Mark Ward was the kind of man who made sure that he spent Sunday dinner with his mother, his younger sister said.
But on the night of Dec. 12, she added, he didn't show up.
Monday, Mr. Ward's family appeared in Lucas County Common Pleas Court to see one of the three siblings convicted of crimes associated with his murder sentenced to life in prison. Terrance Taylor, 47, was given that sentence with parole eligibility after 18 years.
"We're glad that justice was served, but it's not over," Lisa Price said after the sentencing, noting that Taylor's half brother John Winfield has yet to go to trial. "It was a devastating incident that happened for no cause, over a bottle of liquor that my brother bought and shared with friends."
Taylor was convicted of murder and aggravated robbery, each with gun specifications, after a week-long jury trial last month. The jury found Taylor guilty of providing the handgun that was used in the Dec. 12 shooting although they did not convict him on the higher-level charge of aggravated murder.
Mr. Ward, 49, was killed during a party at 1520 Bell Ave. He was shot multiple times, including several times in the head.
According to trial testimony, several people, including Taylor, his sister Deirdre Taylor, 42, and their half brother John Winfield, 29, were playing cards and drinking when a quarrel began over money paid for the liquor.
Authorities said Winfield shot the victim after Taylor had given him a 40-caliber handgun, making Taylor complicit in the crime.
Deirdre Taylor, who recently pleaded guilty to robbery for rifling through the victim's pockets after the shooting, testified that Winfield fired the gun at the victim. She said Winfield then ordered her to search Mr. Ward's pockets.
Money from Mr. Ward's wallet, the coat he wore to the house, and his cognac were taken by the defendants, prosecutors said.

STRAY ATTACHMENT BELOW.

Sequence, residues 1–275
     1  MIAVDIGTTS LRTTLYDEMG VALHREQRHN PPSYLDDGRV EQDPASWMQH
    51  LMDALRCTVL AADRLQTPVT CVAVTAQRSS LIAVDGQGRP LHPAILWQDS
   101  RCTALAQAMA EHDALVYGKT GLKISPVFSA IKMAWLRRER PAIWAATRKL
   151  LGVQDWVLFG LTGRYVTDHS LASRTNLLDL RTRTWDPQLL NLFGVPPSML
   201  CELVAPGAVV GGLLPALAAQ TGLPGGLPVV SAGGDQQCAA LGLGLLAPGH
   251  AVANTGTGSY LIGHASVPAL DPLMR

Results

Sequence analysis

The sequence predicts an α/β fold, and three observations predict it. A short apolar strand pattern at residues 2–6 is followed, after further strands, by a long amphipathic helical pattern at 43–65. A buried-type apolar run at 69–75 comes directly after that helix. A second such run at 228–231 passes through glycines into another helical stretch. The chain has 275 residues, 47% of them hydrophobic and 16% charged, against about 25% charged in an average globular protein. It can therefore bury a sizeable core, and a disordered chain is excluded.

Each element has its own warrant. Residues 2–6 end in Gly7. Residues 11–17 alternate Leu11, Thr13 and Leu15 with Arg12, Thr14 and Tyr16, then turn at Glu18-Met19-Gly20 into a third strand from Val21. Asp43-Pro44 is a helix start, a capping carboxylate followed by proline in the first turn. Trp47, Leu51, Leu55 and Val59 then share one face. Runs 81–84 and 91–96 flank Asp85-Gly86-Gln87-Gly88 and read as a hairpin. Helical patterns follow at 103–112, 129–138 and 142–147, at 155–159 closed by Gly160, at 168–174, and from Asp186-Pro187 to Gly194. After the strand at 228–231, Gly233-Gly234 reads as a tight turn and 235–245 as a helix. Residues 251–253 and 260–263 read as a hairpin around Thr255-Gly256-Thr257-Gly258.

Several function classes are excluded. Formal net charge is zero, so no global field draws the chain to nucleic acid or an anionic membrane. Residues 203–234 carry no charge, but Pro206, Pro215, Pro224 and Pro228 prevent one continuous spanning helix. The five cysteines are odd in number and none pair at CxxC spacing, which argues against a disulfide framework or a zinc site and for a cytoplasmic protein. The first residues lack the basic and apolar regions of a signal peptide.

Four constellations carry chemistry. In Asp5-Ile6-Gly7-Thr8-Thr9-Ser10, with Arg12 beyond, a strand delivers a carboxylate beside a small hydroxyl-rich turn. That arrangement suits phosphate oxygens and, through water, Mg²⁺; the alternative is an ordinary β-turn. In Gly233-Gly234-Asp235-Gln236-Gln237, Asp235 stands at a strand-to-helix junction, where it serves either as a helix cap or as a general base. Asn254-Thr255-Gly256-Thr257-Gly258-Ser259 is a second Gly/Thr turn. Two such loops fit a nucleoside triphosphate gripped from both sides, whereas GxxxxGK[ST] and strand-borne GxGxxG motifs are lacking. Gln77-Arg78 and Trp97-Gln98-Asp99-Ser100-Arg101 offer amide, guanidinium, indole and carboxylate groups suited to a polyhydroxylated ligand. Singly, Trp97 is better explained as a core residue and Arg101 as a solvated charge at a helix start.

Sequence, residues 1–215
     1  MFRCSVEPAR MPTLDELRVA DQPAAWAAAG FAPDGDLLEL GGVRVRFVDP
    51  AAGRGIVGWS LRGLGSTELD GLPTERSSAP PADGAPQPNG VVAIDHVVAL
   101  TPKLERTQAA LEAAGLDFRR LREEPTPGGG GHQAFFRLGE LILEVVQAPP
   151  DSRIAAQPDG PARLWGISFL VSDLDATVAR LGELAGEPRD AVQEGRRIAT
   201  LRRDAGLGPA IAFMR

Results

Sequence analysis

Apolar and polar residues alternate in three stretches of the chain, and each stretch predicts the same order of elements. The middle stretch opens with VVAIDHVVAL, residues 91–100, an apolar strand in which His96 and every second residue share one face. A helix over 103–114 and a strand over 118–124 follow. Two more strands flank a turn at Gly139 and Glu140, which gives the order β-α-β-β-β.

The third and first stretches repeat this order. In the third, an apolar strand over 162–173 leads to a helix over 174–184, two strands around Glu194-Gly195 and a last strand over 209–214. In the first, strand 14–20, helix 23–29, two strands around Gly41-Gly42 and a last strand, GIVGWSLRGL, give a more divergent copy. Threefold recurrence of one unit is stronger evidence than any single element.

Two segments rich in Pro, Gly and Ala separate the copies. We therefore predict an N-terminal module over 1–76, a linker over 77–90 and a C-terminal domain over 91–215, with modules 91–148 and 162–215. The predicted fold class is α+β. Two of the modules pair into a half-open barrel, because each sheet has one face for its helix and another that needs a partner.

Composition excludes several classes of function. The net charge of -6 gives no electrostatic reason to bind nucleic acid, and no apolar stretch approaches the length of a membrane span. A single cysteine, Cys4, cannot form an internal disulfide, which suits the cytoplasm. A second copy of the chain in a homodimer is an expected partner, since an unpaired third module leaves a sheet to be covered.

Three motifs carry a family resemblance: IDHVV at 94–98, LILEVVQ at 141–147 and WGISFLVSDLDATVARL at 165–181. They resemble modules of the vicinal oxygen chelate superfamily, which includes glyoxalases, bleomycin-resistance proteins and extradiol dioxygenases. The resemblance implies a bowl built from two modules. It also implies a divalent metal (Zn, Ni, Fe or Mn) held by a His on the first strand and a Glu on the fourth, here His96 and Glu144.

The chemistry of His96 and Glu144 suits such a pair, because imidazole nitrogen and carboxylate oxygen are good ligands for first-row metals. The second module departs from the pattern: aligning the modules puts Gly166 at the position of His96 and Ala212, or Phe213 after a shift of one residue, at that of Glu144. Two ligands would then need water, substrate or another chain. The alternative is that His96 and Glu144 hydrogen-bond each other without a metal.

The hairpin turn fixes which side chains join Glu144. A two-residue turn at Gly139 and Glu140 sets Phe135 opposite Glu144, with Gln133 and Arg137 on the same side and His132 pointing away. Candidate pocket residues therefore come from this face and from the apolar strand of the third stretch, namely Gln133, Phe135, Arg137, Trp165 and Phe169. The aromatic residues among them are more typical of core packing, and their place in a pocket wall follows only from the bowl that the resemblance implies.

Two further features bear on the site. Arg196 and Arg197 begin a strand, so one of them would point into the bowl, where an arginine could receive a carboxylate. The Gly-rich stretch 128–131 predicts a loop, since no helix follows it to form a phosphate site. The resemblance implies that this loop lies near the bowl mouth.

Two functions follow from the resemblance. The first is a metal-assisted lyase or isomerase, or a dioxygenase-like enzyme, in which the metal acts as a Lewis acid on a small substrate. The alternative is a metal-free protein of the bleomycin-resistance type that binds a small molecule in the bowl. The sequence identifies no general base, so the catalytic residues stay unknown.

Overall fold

Judge Stacy Cook sentenced Taylor to 15 years to life in prison plus an additional three years for the gun specification. Because case law mandates that the sentence for the aggravated robbery conviction merge, Taylor was not sentenced on that count.
Prior to receiving his mandatory life sentence, Taylor turned to Mr. Ward's family members and offered his condolences. He then told the court and prosecutor that he had "no hard feelings."
"I want the court and especially my wife to know that this ain't the end," he said. "I will be back on appeal."
Winfield, of Flint, Mich., is charged with aggravated murder and aggravated robbery, with specifications that he used a gun. His trial, a death- penalty case, is scheduled for March 5.
Deirdre Taylor was sentenced June 28 to four years in prison for her role.
Judge Cook acknowledged the pain that Mr. Ward's family must endure every day and questioned how a quarrel over a bottle of liquor could turn deadly.
"It's hard to fathom that something so simple could ever cost someone their life," she said. "No amount of punishment will bring him back and now your sister is serving time in prison and your brother awaits his fate."
Ms. Price said her family has found strength in banding together and in their faith.
She refused to share her family's feelings in court because she said Taylor did not deserve to know. But after the hearing, she spoke of her brother as a giving, hard-working man who is missed every day.
She recalled how her brother lived by the belief that vengeance was something meant only for God.
"We still lean on that til today," she said.
Contact Erica Blake at: email@example.com or 419-213-2134.